Why are young children at higher risk of iron deficiency than adults?
Iron deficiency is the most common nutritional deficiency in the United States and is the leading cause of anemia.
But you're absolutely right. Young children -- ages 6 months to 3 years -- are at even higher risk than adults. At that age, they are experiencing rapid growth that requires higher levels of iron, and they often simply don't get enough from their diet.
A recent study from West Virginia University indicates the problem may be bigger than experts realize. Iron deficiency often is not diagnosed until it gets bad enough for anemia to develop. This study looked for iron deficiency in young children who had not been diagnosed with anemia. The study was small, with just 57 infants and toddlers included in the results, and it was conducted in an area with higher-than-average rates of anemia. But researchers found that more than 20 percent of the children in the study were, in fact, iron deficient, and they found that 8 percent had anemia that was previously undiagnosed.
Anemia is dangerous because it means your body doesn't have enough hemoglobin, which carries oxygen from the lungs to other areas of the body and helps with the functioning of several organs.
Being iron deficient puts anyone at higher risk of developing anemia, and, in infants, it can delay the development of normal activity and movement, as well as normal thinking and mental processing skills.
To prevent iron deficiency from forming in young children, take these precautions offered by the Centers for Disease Control and Prevention:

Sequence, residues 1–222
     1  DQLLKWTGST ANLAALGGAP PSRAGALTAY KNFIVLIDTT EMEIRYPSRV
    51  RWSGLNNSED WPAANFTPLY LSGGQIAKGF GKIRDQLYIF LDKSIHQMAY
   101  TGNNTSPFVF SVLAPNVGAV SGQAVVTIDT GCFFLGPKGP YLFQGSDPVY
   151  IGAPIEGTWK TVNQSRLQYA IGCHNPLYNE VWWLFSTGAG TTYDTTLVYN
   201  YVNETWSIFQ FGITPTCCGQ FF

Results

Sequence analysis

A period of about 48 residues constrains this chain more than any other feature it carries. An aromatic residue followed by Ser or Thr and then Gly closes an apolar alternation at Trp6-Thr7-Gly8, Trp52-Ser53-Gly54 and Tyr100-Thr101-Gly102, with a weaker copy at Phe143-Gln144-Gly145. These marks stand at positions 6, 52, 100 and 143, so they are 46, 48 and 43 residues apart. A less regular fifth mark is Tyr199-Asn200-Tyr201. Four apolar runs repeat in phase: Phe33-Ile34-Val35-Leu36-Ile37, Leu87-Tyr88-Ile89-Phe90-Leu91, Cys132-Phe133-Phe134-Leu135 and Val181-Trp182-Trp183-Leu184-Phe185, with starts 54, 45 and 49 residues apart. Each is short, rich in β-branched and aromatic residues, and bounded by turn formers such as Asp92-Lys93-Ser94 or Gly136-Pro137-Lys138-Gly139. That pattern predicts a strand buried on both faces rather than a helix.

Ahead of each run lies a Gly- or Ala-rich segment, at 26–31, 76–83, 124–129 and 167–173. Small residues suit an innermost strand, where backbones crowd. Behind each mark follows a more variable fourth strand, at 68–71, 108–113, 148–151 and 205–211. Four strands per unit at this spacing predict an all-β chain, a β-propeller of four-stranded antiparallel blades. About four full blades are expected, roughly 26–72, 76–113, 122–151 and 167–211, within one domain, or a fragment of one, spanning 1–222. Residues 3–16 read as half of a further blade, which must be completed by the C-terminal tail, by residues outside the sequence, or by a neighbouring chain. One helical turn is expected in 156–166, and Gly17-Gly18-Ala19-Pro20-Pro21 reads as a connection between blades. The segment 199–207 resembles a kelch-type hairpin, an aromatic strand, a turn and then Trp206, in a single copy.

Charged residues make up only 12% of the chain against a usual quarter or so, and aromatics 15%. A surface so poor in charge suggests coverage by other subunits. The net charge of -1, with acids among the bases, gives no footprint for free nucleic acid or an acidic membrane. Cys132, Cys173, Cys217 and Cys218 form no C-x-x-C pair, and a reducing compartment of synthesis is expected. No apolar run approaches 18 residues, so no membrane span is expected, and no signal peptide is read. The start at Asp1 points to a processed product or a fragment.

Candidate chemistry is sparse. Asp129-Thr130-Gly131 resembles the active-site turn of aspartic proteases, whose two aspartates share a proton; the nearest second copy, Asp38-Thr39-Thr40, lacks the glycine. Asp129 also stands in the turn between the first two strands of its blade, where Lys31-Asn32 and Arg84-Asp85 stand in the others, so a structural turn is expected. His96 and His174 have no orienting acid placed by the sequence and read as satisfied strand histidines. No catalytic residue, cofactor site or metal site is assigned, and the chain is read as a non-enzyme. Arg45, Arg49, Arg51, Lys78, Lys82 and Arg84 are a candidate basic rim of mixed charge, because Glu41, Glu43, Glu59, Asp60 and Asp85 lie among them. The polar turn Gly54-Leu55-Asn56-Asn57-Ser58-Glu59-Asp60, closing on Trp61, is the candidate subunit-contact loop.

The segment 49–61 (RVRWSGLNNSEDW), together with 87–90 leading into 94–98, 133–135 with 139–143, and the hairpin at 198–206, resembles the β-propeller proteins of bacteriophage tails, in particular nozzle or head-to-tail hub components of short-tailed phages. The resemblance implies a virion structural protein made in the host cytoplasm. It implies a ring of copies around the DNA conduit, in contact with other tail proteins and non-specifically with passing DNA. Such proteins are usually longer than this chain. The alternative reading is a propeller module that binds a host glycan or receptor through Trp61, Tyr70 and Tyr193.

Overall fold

- If possible, breastfeed until the baby is at least a year old. At age 6 months, also feed the baby plain, iron-fortified cereal two or more times a day.
- Don't feed your baby milk (cow, goat or soy milk) until he or she is at least a year old. Milk is low in iron, and your baby could easily fill up on it rather than foods higher in iron.
- If you can't breastfeed, be sure to feed your baby an infant formula fortified with iron.
- After age 6 months, pair foods rich in vitamin C with any foods rich in "non-heme" iron, to help with iron absorption. Foods high in non-heme iron include various fortified cereals, beans and other lentils, spinach and tomato paste. Foods rich in heme iron, which doesn't need vitamin C to help with absorption, include beef, shrimp and organ meats.
Pregnant women are also at higher risk for iron deficiency, which can increase the risk of premature birth.
For more information on iron deficiency for all ages, see the CDC Web site at http://www.cdc.gov, and search for "Nutrition for Everyone: Iron Deficiency."
Chow Line is a service of Ohio State University Extension and the Ohio Agricultural Research and Development Center. Send questions to Chow Line, c/o Martha Filipic, 2021 Coffey Road, Columbus, OH, 43210-1044, or firstname.lastname@example.org.
Editor: This column was reviewed by Hugo Melgar-Quinonez, nutrition specialist with Ohio State University Extension, researcher with the Ohio Agricultural Research and Development Center, and assistant professor in the Department of Human Nutrition, College of Education and Human Ecology.